Paul Frederic Bowles (/boʊlz/; December 30, 1910 – November 18, 1999) was an American expatriate composer, author, and translator. He became associated with Tangier, Morocco, where he settled in 1947 and lived for 52 years to the end of his life.
Following a cultured middle-class upbringing in New York City, during which he displayed a talent for music and writing, Bowles pursued his education at the University of Virginia before making several trips to Paris in the 1930s. He studied music with Aaron Copland, and in New York wrote music for theatrical productions, as well as other compositions. He achieved critical and popular success with his first novel The Sheltering Sky (1949), set in what was known as French North Africa, which he had visited in 1931.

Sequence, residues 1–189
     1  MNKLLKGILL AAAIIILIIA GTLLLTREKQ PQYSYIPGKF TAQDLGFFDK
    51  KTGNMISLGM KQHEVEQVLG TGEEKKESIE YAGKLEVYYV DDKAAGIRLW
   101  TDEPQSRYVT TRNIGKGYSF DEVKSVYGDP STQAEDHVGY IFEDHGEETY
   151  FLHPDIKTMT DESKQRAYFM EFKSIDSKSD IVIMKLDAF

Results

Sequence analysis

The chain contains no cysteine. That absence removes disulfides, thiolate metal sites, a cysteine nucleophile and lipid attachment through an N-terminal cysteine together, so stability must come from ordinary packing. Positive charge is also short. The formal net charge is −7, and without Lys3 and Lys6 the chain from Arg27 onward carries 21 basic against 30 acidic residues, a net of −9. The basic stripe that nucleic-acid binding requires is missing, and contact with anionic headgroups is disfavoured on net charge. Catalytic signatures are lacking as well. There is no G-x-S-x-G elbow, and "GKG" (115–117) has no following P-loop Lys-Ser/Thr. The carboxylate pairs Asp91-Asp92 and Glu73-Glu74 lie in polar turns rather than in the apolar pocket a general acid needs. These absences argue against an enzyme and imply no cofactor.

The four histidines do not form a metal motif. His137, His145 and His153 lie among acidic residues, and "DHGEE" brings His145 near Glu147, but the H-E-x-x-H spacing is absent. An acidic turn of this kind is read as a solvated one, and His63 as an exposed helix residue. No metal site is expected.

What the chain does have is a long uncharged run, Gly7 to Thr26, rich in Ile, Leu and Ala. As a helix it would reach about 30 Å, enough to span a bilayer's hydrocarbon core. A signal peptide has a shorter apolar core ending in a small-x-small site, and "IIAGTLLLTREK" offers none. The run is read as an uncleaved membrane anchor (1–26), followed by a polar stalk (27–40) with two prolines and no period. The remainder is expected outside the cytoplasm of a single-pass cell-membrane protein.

In 1947 Bowles settled in Tangier, Morocco, and his wife Jane Bowles followed in 1948. Except for winters spent in Sri Lanka (then known as Ceylon) during the early 1950s, Tangier was Bowles' home for the remainder of his life. He came to symbolize American immigrants in the city.
Paul Bowles died in 1999 at the age of 88. His ashes are buried near family graves in Lakemont Cemetery, in upstate New York.